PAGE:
This is an excerpt from 'Like father, like son' - something I wrote discussing the proclivity of architect's children to follow in their parents' footsteps.
In a recent article in the Architectural Record by Laura Raskin writes; - “Architects begets architects, so it seems. Eliel Sarinen had Eero Sarinen; two of Frank Lloyd Wright’s, John and Lloyd became architects. Walter Gropius’s father was an architect.
To add to her list - two of I. M. Pei’s four sons are architects, Nick and Glenn Murcutt. Not just the sons either, Moshe Safdie’s daughter, Taal is an architect. In Kuching, the children of Dato Sri John Lau, Mike Boon, Chiew Chung Yee, Juliah Sabri and Chang Jih Ren are following in their parent’s footsteps.
So, is architecture in your blood?
Some geneticists believe there might be some basis in this thinking that since we inherit human variation such as hair and eye colour from our parents – there is a genetical context for creative talent. Furthermore, there are theories that artistic talent is more heritable than scientific talent and since architecture is a curious mix of art and science – children of architects may be more likely to become architects. But that is just a theory. (Architects are more likely to marry architects – but that’s another story)
Many others think that it is the environment – in Raskin’s article, Taal Safdie was ‘breathing architecture’ – a heady mix of job-sites, client dinners and office flurry, from a very young age. She spent part of her childhood living in Habitat ’67 – the Montreal apartment complex designed by her father. I have met steel fabricators and carpenters who would have made brilliant architects had they been exposed to the ‘right’ environment when they were young.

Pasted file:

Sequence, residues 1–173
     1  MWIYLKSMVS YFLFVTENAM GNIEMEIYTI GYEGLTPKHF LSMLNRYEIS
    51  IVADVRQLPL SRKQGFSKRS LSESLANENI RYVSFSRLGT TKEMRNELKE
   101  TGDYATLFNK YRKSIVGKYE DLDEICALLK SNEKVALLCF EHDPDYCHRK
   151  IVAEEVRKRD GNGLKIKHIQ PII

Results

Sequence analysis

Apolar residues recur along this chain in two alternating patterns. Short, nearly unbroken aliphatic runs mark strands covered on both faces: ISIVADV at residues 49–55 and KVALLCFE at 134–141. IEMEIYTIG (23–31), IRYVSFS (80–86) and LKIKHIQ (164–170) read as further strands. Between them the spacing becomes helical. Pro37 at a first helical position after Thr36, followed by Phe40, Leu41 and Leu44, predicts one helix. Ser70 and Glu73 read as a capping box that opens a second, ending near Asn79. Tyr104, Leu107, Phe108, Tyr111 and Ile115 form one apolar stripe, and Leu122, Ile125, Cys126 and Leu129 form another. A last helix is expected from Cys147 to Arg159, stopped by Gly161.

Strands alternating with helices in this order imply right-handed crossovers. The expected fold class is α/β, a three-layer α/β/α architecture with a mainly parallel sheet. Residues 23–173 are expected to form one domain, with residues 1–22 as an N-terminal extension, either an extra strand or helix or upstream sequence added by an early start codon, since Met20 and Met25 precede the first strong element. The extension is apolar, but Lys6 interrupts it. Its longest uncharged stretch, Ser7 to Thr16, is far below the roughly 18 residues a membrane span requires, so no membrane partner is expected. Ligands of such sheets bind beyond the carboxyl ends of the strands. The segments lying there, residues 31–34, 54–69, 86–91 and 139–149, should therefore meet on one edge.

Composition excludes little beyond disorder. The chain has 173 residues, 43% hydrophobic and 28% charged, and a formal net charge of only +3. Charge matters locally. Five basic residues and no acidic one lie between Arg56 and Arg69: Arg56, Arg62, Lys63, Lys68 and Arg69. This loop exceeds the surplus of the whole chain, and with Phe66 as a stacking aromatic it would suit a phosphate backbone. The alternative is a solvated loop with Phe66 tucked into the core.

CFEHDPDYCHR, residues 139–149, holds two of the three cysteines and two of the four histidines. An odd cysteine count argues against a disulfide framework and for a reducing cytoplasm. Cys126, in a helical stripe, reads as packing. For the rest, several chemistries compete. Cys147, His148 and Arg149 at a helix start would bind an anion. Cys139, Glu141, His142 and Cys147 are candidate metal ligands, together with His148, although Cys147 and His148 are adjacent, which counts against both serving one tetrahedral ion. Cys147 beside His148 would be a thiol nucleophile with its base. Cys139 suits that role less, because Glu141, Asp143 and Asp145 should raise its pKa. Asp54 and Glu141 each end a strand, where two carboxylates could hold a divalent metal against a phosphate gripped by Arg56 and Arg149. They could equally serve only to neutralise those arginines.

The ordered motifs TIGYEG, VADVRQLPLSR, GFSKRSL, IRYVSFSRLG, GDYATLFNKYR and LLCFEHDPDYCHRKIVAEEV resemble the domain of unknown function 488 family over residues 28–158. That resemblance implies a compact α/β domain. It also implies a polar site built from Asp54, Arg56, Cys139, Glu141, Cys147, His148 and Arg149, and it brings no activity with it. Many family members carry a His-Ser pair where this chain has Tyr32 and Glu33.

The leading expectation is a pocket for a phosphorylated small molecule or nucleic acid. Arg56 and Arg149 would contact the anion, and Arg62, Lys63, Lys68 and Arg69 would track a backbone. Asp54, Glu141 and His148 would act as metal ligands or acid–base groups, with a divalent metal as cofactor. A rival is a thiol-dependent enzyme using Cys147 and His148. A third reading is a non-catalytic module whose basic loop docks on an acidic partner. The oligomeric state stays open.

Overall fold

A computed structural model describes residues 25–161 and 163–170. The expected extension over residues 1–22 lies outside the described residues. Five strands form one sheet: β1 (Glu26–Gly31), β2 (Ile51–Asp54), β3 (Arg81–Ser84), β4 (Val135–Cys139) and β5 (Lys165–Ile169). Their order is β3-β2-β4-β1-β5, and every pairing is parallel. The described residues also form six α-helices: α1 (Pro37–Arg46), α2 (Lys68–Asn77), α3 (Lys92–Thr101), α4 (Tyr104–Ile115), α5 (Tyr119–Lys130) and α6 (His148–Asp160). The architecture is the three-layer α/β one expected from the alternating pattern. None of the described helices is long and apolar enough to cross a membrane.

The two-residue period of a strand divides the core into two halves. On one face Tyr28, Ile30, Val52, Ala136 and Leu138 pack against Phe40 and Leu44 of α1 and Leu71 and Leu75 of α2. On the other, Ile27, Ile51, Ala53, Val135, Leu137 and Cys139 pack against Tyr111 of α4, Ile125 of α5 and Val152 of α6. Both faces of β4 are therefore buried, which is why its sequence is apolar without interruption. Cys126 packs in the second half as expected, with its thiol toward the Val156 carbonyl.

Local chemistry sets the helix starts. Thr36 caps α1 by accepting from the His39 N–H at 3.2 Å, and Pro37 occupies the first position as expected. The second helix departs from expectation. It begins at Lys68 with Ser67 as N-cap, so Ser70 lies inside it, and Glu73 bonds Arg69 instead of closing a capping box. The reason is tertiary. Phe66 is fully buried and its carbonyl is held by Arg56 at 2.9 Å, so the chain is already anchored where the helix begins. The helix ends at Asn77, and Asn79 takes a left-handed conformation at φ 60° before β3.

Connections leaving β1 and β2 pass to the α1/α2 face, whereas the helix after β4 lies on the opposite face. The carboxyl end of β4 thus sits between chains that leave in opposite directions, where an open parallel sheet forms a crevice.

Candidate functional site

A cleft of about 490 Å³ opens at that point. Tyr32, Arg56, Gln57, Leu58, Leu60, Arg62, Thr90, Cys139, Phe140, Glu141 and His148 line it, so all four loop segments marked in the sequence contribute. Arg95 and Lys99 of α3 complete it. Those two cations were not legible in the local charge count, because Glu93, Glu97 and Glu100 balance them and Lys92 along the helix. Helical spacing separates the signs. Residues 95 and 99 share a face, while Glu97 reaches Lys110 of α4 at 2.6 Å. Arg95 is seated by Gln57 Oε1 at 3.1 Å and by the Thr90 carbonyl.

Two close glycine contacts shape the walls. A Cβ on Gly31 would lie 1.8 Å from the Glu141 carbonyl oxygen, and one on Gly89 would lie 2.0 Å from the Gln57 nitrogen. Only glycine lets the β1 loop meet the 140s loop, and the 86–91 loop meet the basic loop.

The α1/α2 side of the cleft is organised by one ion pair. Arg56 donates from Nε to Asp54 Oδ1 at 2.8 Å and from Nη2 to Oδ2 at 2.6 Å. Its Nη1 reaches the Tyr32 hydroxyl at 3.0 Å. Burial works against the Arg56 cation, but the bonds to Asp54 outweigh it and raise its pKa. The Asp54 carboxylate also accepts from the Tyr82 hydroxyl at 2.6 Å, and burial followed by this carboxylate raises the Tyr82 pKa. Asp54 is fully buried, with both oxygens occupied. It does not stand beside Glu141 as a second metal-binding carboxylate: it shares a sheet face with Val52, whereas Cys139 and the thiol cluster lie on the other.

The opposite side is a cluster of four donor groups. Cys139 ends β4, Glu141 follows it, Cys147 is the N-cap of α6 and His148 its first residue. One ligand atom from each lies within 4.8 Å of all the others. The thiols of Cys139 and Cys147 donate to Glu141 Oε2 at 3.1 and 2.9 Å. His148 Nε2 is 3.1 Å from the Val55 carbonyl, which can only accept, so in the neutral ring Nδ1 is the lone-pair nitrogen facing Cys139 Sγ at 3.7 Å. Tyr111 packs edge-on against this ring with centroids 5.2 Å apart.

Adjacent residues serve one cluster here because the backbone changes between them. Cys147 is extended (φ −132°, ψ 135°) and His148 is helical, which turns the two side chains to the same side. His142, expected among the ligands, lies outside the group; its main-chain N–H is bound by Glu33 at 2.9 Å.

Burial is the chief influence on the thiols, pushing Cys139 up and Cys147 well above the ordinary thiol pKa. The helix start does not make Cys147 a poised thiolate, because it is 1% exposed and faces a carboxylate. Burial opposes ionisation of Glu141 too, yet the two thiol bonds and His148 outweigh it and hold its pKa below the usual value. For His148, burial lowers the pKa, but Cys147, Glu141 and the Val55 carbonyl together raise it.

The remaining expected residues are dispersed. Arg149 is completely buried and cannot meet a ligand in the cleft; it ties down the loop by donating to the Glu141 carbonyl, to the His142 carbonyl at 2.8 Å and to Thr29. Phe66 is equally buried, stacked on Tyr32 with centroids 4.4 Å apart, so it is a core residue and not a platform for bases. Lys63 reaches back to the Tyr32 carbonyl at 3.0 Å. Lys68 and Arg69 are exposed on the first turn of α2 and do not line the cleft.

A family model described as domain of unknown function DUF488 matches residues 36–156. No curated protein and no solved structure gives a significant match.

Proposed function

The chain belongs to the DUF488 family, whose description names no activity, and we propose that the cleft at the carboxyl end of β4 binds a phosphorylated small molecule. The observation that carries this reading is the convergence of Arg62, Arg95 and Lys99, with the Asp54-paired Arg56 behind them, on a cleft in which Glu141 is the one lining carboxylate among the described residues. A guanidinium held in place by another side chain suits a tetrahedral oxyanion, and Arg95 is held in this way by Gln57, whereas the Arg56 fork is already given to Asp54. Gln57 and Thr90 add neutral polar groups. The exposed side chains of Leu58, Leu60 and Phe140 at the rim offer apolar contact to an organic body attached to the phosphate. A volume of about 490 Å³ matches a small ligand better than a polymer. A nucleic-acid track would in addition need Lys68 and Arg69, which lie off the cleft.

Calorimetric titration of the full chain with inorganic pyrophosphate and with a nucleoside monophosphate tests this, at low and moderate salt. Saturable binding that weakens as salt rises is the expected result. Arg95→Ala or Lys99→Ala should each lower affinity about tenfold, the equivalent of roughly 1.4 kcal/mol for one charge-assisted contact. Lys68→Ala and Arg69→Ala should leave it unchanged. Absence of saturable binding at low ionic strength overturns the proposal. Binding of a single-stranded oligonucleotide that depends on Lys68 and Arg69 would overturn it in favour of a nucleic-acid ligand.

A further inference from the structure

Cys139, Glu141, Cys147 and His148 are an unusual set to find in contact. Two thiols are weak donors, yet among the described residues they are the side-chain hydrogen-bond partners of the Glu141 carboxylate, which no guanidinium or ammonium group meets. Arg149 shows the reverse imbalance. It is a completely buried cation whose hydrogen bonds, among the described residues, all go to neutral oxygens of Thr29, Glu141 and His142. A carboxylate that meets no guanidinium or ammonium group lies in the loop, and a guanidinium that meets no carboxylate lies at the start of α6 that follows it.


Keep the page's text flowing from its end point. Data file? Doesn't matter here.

The reasons for a child’s tendency to follow the parents’ profession are probably a combination of both nature and nurture. Although in Asia could there be a third factor - parental pressure? On second thoughts, this is unlikely since our profession commands too little pay for way too much work. No self-respecting Asian mother would want that for her child. Sam has been nudging Sean towards dentistry “shorter hours, more money, fewer arguments about fees” – she is an interior designer.
Ultimately, architecture is more a lifestyle than a profession – the love of what we do daily may play a part in sub consciously determining our children’s’ profession.